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Dario Castello’s very early Baroque style was introduced to our Festival patrons through his Sonata Concertate on the Friday Gardens concert of 1999. His sonata form predates the multi-movements that we know from a slightly later period, the tempo changes coming fast and often. In this sonata per strumenti d’arco, with harpsichord support, the tempo indications are: Adagio-Allegro-Adagio-Allegro-Adagio-Adagio-Allegro-Adagio-Allegro-Adagio without clear separations. Here is a fine illustration of a very early 17th-century instrumental style that immediately preceded Monteverdi’s splendid achievements. BACK

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Claudio Monteverdi was a prime catalyst in the musical transition from Renaissance to Baroque, his madrigals representing the ultimate in High Renaissance polyphony, with a distinct leaning toward dramatic sentiment. Influenced by the Florentine Camerata’s turn of the 17th-century stile rappresentativo and invention of dramma per musica, he wrote the first real opera (in modern terms), La favola d’Orfeo in 1607, and then many more until his last, L’Incoronazione di Poppea in 1642, both of these still in the operatic repertoire. He added the emerging basso continuo to madrigals, and he magnified musical theater to a then unimaginably emotional degree.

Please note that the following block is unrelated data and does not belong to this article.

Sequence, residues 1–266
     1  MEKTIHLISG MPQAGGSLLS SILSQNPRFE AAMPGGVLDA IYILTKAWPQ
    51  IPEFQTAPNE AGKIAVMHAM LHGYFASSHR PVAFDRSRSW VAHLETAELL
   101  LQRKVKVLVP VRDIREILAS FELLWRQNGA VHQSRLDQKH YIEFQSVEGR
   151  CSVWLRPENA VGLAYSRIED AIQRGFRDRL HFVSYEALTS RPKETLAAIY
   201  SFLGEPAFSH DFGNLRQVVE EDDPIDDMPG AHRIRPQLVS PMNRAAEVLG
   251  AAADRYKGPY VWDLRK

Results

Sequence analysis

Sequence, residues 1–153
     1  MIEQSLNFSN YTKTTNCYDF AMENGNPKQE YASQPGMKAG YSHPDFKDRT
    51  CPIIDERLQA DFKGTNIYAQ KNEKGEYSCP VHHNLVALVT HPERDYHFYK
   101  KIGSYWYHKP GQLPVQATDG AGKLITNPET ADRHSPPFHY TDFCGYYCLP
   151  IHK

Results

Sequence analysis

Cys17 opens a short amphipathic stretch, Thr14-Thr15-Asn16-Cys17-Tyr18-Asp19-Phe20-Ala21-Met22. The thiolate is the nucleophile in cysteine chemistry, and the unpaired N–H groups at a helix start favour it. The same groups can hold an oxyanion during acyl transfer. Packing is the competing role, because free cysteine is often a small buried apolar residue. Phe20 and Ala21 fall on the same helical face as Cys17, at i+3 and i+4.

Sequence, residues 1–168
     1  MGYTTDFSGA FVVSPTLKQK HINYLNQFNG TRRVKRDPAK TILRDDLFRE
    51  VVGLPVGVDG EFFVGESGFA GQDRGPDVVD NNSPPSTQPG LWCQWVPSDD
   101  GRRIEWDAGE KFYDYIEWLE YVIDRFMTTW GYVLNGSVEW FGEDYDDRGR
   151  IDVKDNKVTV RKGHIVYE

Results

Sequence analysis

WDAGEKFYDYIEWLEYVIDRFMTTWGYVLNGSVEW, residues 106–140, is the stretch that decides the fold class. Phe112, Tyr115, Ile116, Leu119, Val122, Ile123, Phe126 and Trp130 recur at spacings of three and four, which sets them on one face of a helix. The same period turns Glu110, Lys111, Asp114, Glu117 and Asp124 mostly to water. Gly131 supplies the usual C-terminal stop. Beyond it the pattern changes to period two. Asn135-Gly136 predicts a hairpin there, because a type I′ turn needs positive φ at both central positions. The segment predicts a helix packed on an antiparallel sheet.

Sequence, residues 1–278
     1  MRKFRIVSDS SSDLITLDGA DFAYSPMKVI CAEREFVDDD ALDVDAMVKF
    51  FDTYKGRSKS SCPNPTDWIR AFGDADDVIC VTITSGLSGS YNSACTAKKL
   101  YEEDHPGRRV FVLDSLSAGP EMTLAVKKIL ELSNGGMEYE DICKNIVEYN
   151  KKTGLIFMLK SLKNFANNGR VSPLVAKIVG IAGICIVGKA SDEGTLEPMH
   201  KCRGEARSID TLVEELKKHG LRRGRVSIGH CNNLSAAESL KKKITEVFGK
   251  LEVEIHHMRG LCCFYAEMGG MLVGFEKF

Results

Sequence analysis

Inspired by Tasso’s description of Tancredi’s fight with Clorinda in Gerusalemme liberata, he set the poetry to music that was published in Mantua in 1593. Thirty years later, he created this semi-operatic genere rappresentativo setting for three voices — a narrator and the two principals — and strings that eventually appeared in his eighth book of madrigals. The premiere performance of 1624 in the Venetian home of his patron, Girolamo Mozzenigo, included a real horse in the living room! The strings participate strongly in the telling, introducing the exciting stile concitato bowing for powerful dramatic thrust. The gripping tragedy ends with the religious conversion of the dying Clorinda. BACK